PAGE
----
It might sound far-fetched to lump all this data onto DNA molecules and store them in an Antarctic base as a fail-safe time capsule for future humanity but it has been done and is not a new idea.
Things which have been successfully encoded and retreived from DNA:
- a Massive Attack album
- Linux operating system
- a 1895 French film, “Arrival of a train at La Ciotat”
- a $50 Amazon gift card
- a short film on living DNA in bacterial cells
- crypto wallet passwords
- a computer virus
- 70 billion copies of the book Regenesis
- English Wikipedia
Current iterations on DNA data storage focus on optimizing the amount of data that can be stored, improving encryption methods and random access of the data from DNA.
The need for DNA Data storage
Hard disk drives (HDD) are currently the best way to store data long term, despite being guaranteed to only function smoothly for 3-5 years. Due to their mechanical nature and moving parts, their failure rate is more unpredictable.
Solid state drives or flash (SSDs) are purported to be more reliable than HDD but data released by backblaze on annualized failure rates (AFR) suggest they actually fail at around the same rate as HDDs and to prioritize factoring cost and speed into whether you would choose a SSD over HDD, and not reliability. How reassuring!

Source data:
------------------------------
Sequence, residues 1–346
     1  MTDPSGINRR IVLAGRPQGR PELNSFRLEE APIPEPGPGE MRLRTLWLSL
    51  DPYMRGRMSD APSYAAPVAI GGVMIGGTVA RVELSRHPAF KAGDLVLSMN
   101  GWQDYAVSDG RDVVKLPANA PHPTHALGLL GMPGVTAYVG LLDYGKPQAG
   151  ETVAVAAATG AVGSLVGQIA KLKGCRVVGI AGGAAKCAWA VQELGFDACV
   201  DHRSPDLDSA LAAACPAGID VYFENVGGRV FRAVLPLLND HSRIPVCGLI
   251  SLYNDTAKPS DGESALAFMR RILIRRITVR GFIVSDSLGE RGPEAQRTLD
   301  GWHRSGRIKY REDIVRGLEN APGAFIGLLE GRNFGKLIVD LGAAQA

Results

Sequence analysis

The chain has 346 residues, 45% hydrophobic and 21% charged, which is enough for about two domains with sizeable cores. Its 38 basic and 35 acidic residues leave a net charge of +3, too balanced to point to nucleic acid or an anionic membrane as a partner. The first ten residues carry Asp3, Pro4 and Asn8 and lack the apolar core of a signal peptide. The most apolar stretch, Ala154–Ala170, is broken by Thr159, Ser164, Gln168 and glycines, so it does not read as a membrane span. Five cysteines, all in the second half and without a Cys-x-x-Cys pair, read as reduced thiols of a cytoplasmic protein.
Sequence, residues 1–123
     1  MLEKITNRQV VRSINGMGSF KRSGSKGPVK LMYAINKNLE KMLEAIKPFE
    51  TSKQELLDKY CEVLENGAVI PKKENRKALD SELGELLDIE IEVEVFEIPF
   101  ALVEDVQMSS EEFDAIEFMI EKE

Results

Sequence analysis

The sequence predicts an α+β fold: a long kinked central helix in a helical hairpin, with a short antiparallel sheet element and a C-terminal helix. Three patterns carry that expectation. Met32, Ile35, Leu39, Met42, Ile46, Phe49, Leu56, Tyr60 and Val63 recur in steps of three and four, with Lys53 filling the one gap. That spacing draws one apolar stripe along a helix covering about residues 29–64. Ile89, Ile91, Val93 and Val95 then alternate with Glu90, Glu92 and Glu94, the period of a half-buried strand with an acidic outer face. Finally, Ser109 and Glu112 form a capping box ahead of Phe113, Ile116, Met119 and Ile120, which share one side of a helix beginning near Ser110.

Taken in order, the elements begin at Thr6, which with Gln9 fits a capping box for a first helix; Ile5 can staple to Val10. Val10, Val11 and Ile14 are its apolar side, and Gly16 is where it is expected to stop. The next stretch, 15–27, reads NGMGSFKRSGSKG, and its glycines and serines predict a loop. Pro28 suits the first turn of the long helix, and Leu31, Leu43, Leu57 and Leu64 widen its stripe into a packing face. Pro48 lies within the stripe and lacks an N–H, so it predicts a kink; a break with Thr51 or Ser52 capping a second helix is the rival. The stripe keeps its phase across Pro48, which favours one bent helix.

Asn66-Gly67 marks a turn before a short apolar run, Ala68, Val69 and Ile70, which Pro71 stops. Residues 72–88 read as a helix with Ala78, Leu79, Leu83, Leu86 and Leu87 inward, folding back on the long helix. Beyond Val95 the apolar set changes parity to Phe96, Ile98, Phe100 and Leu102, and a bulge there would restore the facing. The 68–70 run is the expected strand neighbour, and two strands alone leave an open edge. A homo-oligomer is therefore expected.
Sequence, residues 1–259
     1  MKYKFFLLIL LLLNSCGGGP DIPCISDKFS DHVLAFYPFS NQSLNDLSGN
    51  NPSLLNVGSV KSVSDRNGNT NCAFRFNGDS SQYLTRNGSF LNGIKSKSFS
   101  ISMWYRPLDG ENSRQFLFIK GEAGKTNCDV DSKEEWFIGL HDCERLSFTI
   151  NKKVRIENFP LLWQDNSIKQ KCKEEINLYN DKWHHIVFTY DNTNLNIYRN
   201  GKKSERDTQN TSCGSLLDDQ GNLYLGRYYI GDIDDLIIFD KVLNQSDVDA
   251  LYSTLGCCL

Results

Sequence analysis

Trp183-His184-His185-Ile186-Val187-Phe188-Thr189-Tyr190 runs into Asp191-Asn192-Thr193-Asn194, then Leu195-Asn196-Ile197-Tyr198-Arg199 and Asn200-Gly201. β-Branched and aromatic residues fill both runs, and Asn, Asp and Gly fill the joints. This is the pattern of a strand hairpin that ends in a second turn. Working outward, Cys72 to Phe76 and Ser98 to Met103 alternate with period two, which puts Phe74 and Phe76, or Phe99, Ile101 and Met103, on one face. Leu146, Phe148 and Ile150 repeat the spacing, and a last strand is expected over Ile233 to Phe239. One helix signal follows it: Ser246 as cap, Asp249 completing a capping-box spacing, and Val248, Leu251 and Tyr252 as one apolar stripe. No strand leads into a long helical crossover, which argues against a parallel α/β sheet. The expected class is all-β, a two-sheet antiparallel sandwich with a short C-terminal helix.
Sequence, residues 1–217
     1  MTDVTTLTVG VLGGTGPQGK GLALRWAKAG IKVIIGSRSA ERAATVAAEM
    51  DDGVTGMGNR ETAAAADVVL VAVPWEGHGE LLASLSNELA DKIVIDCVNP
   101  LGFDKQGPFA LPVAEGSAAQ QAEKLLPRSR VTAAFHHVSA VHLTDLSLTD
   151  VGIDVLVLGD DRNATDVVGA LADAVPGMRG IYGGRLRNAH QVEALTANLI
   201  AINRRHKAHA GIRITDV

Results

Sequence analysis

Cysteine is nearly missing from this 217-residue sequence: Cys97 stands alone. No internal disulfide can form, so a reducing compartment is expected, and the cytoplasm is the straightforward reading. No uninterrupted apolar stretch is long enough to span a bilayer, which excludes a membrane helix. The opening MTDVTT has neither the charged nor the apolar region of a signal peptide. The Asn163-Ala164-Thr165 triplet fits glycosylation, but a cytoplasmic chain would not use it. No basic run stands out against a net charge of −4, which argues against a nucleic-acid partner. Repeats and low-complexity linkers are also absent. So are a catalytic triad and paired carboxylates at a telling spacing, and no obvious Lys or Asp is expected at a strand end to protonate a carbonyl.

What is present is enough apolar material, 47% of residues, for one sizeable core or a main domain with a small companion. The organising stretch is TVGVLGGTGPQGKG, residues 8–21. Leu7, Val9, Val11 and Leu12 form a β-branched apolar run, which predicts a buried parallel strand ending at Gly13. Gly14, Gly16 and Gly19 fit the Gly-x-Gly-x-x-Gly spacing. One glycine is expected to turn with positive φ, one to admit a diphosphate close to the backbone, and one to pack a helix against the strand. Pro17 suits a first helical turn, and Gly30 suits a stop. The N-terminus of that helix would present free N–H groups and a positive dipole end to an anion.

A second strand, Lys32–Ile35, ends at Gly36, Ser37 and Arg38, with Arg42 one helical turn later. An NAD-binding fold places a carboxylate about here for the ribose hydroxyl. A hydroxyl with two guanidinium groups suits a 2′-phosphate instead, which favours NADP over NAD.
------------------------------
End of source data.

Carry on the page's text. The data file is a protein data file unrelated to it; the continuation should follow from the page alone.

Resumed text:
The best long-term offline data storage we have is Linear Tape-Open (LTO), a magnetic storage tape developed in the 90’s which has an approximate lifespan of 20 years. It’s current model, the LTO-9, can hold 18TB of uncompressed data.
A quick online search tells me that current data warehouse conditions are a mixture of DRAM and HDD.
I’m sure there are redundancy mechanisms in place in data warehouses to save data if a drive fails but are they just going to continuously transfer the data to new hardware and storage formats when they threaten to fail or are nearing the end of their lifespan? Do we even have enough physical resources to produce the hardware needed?
So apart from facing the limited lifespan and inevitable failure of the drives, another issue is that our current data storage architecture simply cannot scale with the amount of data being generated. One could ask does it really need to scale with the zettabytes of data being generated (or whatever the latest buzzword for an insane quantity of 1’s and 0’s encoded on silicon is) when it comes with a steep ecological cost.